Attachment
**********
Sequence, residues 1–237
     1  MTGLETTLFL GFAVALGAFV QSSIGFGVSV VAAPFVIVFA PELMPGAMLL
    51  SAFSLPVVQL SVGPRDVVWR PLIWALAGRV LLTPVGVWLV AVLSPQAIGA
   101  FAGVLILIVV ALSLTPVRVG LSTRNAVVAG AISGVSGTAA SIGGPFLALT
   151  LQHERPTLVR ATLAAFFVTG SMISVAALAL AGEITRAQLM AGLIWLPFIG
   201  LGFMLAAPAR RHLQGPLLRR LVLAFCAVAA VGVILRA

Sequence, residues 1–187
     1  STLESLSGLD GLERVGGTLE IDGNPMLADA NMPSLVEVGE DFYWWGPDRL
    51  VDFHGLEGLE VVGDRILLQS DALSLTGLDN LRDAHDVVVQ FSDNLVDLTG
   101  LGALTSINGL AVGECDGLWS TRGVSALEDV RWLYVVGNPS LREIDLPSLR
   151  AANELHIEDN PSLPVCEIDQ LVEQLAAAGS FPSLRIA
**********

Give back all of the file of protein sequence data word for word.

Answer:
Sequence, residues 1–237
     1  MTGLETTLFL GFAVALGAFV QSSIGFGVSV VAAPFVIVFA PELMPGAMLL
    51  SAFSLPVVQL SVGPRDVVWR PLIWALAGRV LLTPVGVWLV AVLSPQAIGA
   101  FAGVLILIVV ALSLTPVRVG LSTRNAVVAG AISGVSGTAA SIGGPFLALT
   151  LQHERPTLVR ATLAAFFVTG SMISVAALAL AGEITRAQLM AGLIWLPFIG
   201  LGFMLAAPAR RHLQGPLLRR LVLAFCAVAA VGVILRA

Sequence, residues 1–187
     1  STLESLSGLD GLERVGGTLE IDGNPMLADA NMPSLVEVGE DFYWWGPDRL
    51  VDFHGLEGLE VVGDRILLQS DALSLTGLDN LRDAHDVVVQ FSDNLVDLTG
   101  LGALTSINGL AVGECDGLWS TRGVSALEDV RWLYVVGNPS LREIDLPSLR
   151  AANELHIEDN PSLPVCEIDQ LVEQLAAAGS FPSLRIA